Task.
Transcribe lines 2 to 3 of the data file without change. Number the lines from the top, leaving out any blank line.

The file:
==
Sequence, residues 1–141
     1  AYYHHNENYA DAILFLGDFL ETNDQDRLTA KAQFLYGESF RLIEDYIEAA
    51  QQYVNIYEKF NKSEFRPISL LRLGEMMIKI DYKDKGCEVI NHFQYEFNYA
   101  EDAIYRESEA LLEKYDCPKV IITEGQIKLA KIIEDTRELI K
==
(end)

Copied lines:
     1  AYYHHNENYA DAILFLGDFL ETNDQDRLTA KAQFLYGESF RLIEDYIEAA
    51  QQYVNIYEKF NKSEFRPISL LRLGEMMIKI DYKDKGCEVI NHFQYEFNYA